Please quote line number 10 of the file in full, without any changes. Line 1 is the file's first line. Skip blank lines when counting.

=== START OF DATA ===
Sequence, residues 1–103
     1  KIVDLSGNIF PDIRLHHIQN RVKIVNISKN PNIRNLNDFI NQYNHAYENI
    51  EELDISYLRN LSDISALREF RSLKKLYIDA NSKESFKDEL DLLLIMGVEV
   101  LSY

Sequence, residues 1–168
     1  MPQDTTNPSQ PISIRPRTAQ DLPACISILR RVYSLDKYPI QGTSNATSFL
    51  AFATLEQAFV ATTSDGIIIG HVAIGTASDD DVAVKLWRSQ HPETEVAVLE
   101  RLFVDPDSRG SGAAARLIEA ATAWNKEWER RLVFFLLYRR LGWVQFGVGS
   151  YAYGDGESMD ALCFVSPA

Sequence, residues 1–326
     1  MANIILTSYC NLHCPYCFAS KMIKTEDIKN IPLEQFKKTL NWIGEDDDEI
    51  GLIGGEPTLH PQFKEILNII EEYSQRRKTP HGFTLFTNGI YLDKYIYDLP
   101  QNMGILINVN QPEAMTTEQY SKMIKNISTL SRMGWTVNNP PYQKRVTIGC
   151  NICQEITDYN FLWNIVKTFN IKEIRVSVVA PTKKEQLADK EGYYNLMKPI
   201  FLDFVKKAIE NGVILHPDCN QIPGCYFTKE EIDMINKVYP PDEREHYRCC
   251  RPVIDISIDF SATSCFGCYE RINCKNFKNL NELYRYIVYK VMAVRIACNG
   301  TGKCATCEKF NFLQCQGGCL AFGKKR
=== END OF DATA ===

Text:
Sequence, residues 1–326